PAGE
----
Draft, bare feet, and wet hair: Why are Serbian people afraid of them?

A white lace curtain blowing in the wind through an open window

Zatvori taj prozor, ubiće nas promaja! 

Close that window or the draft will kill us!

You jump startled upon hearing these words on a cramped bus with no AC during the Belgrade rush hour on a scorching summer day. A furious Serbian granny has just saved everyone’s life by ordering you to close one window. What the hell is going on here?

Life-threatening situations are numerous according to grandmas in Serbia. We are superstitious, and we listen to our elders. You never know which invisible force is lurking and putting your life at risk when you’re in our country.

Let us introduce you to the top 3 menacing enemies of the state and guide you on how to protect yourselves if you encounter them.

Promaja - The Omnipresent Mystical Force

Drake disapproves of promaja and approves of non-vented rooms
Serbian people would do anything to avoid promaja

‘That’s why I thought it’d be good to cover up those stories about vampires, as a precautionary measure, to avoid panic. Because you know, Gruja, that panic is one of the greatest Serbian enemies alongside promaja.’

“Zato sam mislio da malo zataškamo te priče o vampirima, čisto iz preventivnih razloga, da ne bi došlo do panike. Jer ti znaš, Grujo, da je panika jedan od najvećih neprijatelja u Srba pored promaje.”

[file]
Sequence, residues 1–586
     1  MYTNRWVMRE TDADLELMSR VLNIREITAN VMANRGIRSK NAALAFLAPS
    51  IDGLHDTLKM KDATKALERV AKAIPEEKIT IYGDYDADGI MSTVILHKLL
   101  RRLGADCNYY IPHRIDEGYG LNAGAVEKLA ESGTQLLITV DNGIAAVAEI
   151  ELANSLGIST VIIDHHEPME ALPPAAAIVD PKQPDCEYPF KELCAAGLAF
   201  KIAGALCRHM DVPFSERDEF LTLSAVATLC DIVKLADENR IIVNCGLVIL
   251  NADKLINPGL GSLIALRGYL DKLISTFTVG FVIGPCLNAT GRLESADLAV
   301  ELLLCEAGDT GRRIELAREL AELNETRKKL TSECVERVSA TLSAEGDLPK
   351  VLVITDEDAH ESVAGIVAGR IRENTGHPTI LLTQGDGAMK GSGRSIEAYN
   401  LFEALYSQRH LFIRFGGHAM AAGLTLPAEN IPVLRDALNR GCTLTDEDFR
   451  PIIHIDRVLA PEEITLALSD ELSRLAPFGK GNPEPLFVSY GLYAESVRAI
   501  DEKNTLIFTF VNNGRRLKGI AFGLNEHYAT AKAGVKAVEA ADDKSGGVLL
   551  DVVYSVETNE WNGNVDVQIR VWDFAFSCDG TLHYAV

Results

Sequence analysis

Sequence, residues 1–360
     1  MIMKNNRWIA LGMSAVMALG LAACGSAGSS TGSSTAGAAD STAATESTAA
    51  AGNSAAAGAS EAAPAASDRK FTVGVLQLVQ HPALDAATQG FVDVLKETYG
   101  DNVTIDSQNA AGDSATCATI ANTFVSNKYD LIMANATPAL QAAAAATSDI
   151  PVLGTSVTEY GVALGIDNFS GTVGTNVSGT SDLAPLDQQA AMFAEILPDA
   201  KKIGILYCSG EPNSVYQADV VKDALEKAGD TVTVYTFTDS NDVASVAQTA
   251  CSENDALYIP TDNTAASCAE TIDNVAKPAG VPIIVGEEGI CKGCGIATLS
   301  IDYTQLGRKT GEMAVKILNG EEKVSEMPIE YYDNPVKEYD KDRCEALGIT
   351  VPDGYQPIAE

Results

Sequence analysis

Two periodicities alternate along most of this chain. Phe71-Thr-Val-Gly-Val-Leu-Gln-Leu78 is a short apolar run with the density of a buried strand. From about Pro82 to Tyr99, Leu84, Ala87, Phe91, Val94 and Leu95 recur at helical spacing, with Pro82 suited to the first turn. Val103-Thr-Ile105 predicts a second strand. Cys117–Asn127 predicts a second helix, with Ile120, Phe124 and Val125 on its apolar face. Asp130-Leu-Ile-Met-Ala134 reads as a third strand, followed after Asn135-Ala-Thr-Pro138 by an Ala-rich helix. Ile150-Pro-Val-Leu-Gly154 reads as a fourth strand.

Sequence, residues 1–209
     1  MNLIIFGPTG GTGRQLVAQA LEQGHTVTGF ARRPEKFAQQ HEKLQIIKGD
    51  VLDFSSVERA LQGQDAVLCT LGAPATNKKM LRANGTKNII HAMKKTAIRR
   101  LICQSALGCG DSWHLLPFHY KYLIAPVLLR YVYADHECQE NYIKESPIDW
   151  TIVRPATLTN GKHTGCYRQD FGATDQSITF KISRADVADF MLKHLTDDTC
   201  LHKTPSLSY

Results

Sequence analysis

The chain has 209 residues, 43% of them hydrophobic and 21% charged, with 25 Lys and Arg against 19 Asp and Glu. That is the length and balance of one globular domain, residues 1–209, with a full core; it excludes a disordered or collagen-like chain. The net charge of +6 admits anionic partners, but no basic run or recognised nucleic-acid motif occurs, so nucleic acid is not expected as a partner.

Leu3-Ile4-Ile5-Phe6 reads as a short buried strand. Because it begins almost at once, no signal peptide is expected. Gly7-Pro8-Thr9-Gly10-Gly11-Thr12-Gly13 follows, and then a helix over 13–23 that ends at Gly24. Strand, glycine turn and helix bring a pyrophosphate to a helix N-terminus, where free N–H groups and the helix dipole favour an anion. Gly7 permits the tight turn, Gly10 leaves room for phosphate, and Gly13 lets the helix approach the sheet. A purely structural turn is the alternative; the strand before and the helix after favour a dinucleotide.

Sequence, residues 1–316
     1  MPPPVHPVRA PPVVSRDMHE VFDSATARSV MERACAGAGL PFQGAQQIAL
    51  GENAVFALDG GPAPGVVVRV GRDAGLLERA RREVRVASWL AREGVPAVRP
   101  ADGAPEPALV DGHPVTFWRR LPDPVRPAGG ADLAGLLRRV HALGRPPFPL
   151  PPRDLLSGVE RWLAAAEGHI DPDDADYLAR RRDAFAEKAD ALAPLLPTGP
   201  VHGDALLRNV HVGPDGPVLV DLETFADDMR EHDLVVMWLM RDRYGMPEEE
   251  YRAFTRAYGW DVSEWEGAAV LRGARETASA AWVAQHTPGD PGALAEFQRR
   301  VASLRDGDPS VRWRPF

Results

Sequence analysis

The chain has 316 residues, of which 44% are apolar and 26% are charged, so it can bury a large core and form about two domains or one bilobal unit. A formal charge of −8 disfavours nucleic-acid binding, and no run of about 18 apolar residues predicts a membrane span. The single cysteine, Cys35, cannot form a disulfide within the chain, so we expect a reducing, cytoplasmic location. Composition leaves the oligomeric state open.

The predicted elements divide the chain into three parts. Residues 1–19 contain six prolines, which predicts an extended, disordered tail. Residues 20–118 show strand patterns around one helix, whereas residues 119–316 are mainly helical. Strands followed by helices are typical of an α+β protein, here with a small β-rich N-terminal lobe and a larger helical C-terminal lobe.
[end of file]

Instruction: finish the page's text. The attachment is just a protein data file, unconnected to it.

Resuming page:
Vampires, panic, and promaja in the same sentence – sounds like a serious warning. Watch Crni Đorđe talking to Crni Gruja about notorious Serbian enemies in a famous Serbian sitcom based on the British Blackadder (Crna Guja, as translated in our country). You’re familiar with vampires and panic, but what is promaja?

Promaja (draft, draught) is the number one silent killer among Serbs. It’s a chilly air current that occurs when you open two opposite doors or windows in the same room. You’re allowed to choose one – open either a window or a door when you are in a room with Serbian people. If you feel adventurous and open more than one, beware of the death glares that’ll ensue. Don’t say we didn’t warn you.

Promaja - Pros And Cons

Od smrada još niko nije umro, ali od upale pluća jeste.

Stench can’t kill you, but pneumonia can. 

 

We know that disgusted look on your face, but this is something that you can hear around Serbia. You’re wondering now – is promaja real and dangerous? We know that all this sounds silly in some cultures, but promaja is real, even Urban Dictionary approves of the term. It has its benefits but also poses some health risks. Let’s weigh both sides and check if the granny from the beginning made a good point.